This year, the Telegraph and Mescal Fires impacted hundreds of lives and charred over 250,000 acres of land in central Arizona. On October 29 and 30, the public is invited to hear from their natural resource managers and community leaders about the expected short and long-term impacts of the fire on the landscape and watershed.
Quite often events described as “Black Swans” are really not quite that. They are more like grey swans—almost black, but not quite. In other words, there are some hugely important events in life that are disproportionate in their effects but not entirely foreseeable.
There are at least three water-related examples that come to mind; events in Arizona that were almost Black Swan events, and the moral to the story in each case seems to be that we can always do a better job of planning and should try to do so.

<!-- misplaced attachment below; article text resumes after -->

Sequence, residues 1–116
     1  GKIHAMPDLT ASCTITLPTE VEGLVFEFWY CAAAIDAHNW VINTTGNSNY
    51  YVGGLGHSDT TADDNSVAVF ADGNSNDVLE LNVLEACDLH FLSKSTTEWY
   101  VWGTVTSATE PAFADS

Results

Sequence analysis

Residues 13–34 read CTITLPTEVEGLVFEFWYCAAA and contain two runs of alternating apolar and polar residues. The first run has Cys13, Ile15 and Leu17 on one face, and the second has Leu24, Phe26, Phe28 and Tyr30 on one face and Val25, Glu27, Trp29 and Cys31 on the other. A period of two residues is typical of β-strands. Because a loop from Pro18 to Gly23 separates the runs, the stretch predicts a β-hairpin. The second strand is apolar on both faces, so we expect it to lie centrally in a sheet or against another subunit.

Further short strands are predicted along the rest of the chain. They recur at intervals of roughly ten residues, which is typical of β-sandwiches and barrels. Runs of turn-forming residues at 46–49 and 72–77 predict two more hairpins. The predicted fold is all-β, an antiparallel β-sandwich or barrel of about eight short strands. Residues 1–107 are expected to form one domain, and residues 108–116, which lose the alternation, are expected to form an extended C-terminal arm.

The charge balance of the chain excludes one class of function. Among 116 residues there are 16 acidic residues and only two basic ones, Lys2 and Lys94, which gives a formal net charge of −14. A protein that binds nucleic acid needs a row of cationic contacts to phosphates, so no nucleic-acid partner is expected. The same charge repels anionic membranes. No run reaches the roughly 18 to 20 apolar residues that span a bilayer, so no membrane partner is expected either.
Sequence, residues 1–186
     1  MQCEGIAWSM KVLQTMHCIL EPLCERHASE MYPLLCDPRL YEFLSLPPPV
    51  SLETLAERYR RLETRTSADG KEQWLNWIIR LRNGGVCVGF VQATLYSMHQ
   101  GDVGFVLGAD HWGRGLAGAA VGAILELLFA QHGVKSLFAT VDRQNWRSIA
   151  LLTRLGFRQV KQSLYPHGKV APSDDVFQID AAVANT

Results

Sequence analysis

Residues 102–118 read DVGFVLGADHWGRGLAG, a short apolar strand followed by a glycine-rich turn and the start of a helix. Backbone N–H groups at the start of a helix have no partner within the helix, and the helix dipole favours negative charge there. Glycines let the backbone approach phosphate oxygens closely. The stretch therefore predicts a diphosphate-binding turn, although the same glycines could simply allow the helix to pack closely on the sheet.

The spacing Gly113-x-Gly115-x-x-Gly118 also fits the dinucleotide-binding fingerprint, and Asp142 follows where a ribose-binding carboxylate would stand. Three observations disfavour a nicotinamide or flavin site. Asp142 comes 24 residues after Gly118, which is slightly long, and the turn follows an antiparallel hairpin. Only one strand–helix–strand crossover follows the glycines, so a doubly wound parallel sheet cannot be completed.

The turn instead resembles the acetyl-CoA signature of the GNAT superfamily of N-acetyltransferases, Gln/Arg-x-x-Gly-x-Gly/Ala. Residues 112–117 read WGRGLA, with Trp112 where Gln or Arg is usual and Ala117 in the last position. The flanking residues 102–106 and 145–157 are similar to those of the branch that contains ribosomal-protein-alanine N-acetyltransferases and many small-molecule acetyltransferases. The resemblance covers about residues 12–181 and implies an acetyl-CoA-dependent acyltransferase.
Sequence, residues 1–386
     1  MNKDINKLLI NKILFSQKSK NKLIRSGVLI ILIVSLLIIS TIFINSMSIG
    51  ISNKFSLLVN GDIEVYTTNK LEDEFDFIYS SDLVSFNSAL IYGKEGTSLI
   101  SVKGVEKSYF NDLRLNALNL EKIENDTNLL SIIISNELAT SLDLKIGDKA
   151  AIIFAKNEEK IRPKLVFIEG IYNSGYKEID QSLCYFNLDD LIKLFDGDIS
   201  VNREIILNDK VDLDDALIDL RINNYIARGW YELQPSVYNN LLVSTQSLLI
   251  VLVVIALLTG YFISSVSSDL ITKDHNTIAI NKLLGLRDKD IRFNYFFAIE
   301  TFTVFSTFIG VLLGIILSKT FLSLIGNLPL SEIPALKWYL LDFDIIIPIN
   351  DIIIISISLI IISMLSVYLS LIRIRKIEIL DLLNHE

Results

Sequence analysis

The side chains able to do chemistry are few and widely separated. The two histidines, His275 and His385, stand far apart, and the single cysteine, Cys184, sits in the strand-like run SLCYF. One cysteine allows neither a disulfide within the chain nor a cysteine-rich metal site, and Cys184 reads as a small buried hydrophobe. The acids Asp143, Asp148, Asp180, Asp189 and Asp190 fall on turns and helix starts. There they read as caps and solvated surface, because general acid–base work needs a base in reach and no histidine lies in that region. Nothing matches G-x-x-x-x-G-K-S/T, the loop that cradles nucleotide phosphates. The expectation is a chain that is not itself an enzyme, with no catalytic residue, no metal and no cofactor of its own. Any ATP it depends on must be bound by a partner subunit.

The WRRC is celebrating “Imagine a Day Without Water” on Thursday, October 21, with a special webinar featuring a 19-minute video on global water issues followed by a panel of emerging leaders in water and environmental management and policy.
/sites/wrrc.arizona.edu/files/pdfs/Wicked-Water-Problems-CRB-Oct-2021.pdfA 20-minute presentation, Tackling Wicked Water Problems in the Transboundary Colorado River Basin, is available for viewing on the WRRC website.